watch … the wrestler
It’s a compelling film and Mickey Rourke is just captivating. The beauty of this film though is it’s simple, intimate portrayal of Rourke’s character, Randy (Robin) The Ram Robinson (Radzinski) and the constant tug of war that plays out between his larger than life glory days (where he still wants to be) and his real life as “a broken down piece of meat”. It provides a real window not just into this character’s life but also the world of wrestling and what happens to performers such as Randy when they are past their prime.
Rourke has already won a Golden Globe, been nominated for a SAG (he lost out to Sean Penn in Milk) and is up for an Oscar but some are speculating that he may be putting his chances in jeopardy if he goes ahead with his plan to climb back into the ring again, this time for real for WWE’s Wrestlemania 25:
“The boys from the WWE called me and asked me to do it,” Rourke told Access Hollywood. “I said, ‘I want to.’ I’m talking with [WWE legend] Rowdy Roddy Piper about it.”
But I think if Mickey seriously goes ahead with his plans and continues to talk about this new gig at oh, say, the Oscar luncheon, he can kiss his Oscar shot goodbye. For one thing, this Wrestle Mania may prove to Oscar voters that he wasn’t really seriously acting at all in “The Wrestler.” Why, he was just being his crazy self.
Personally I think Rourke should quit while he’s ahead and focus on the next gig … and go have a chat with John Travolta about better ways to take advantage of his much lauded career resurrection.
The equally ballsy and crazy Evan Wright, a journalist with Rolling Stone, rode with the First Reconnaissance Battalion Marines as they rolled into Iraq in 2003. First Recon were tasked with cutting a path towards Baghdad in a swift and deadly attempt to both liberate and take control of the country. What resulted was chaos and carnage.
Told from First Recon’s point of view, it’s a unique window into the lives, minds and souls of modern day soliders – warriors as they call themselves – and doesn’t pull any punches.
The book has since been adapted into a HBO TV series by David Simon & Ed Burns (alongside Wright) and so is in good hands. Simon, a ex-journo himself, wrote the book that the TV show Homicide: Life on the Streets was based on and is most recognised for creating, with Ed Burns, The Wire and before that the mini-series The Corner.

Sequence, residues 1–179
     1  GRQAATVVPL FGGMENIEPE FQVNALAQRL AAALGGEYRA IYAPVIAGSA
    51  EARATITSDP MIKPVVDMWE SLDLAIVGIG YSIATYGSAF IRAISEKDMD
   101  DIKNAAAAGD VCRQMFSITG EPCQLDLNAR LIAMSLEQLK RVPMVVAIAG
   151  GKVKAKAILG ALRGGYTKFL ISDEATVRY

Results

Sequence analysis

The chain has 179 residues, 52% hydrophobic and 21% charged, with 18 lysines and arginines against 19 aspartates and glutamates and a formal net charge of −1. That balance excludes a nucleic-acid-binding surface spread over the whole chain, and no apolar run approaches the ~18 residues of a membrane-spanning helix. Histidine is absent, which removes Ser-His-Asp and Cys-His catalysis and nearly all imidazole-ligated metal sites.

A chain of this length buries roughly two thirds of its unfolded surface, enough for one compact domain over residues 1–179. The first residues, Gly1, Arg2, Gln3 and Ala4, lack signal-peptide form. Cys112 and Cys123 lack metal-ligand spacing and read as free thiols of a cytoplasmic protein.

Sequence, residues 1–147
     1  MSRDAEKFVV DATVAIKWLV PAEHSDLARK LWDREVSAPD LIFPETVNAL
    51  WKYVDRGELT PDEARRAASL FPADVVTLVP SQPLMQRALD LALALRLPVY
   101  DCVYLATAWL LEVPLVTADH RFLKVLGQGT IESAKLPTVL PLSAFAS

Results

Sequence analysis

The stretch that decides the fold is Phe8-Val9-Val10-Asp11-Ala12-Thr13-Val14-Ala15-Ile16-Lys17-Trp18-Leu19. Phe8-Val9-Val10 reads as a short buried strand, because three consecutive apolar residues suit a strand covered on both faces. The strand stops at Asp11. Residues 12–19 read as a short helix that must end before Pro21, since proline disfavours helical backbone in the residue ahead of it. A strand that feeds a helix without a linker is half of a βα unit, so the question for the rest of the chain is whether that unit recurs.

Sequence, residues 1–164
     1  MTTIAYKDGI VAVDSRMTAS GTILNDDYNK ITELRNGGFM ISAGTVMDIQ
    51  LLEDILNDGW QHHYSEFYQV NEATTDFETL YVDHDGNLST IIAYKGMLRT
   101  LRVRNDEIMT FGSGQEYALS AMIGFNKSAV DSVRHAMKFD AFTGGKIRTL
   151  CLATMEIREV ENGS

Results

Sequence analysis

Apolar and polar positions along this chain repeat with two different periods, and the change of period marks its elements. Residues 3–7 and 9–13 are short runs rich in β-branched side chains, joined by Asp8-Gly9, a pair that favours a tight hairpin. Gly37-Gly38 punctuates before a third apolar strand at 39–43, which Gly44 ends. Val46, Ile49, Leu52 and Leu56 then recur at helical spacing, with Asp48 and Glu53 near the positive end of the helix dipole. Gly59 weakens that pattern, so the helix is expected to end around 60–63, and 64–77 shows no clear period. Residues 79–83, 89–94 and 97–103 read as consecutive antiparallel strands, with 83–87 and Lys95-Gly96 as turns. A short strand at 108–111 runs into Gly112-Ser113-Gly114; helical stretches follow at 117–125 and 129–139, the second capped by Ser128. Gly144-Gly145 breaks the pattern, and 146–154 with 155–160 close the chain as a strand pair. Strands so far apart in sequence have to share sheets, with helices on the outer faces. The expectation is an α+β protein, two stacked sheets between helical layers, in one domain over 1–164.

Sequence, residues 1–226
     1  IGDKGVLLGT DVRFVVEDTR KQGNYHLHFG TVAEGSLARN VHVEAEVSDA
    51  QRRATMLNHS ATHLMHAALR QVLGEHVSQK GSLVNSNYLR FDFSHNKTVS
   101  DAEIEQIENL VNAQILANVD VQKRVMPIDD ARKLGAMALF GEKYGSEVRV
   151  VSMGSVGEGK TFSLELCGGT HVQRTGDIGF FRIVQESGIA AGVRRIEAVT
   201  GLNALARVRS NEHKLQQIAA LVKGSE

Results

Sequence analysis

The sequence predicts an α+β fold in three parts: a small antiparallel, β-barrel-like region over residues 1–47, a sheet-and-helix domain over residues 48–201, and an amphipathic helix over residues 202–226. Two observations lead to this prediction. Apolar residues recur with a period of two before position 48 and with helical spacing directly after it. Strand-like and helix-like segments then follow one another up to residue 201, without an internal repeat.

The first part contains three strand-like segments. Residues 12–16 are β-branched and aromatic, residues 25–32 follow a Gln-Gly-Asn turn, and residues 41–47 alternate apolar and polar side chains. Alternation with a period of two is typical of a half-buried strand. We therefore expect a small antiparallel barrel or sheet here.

Personally I’m fascinated with these sort of factual tales told from a very personal point of view because they manage to take a big concept or topic and boil it down into a personal journey that you can follow and understand.
If you like me and love to watch DVD extras and get the inside scoop on your favourite movies or TV shows then you should check out Creative Screenwriting‘s series of podcasts. Senior editor Jeff Goldsmith interviews predominately writers (but sometimes directors and actors as well) on the background and process of getting their film or TV show made.
The interviews are usually conducted in front of an audience who have just watched the movie or at a convention so there is a real atmosphere and live feel to the podcast. I find Jeff a great interviewer because he keeps things on track and asks the questions I want answered. Traditionally he starts with the writer’s breaking-in story, which is my favourite part, and also spends time to delve into the writer’s career to track their highs and lows.
Movie recommendations is the next big thing. Or so Clerk Dogs and Jinni would have us believe. Personally I’ve always trusted my movie recommendations to either IMDB or Margaret and David but I thought I would give Clerk Dogs and Jinni a try. Both are online recommendation engines where you can plug in a movie title and get a list of similar movie recommendations that you might be interested in.
They’re’ great if you want to find something similar to a movie you know and love or want to do some research into particular style or genre of movie. Both boast extensive databases of movies so you can search for pretty much anything. Clerk Dogs tends to return more literal recommendations while Jinni offers up a broader scope of movies in a similar vein that you might enjoy. Both have settings and preferences you can tweak to help you find what you want. The main difference is that Clerk Dogs reportedly uses “real” video store clerks to help compile the list of recommendations while Jinni relies solely on complex algorithms and data.
Both are in Beta at the moment and can direct you towards a point of purchase online but they are primarily US based at present. More and more of this services will no doubt start popping up as we enter the age of being able to finally download and stream (legally) movies and TV shows from the internet.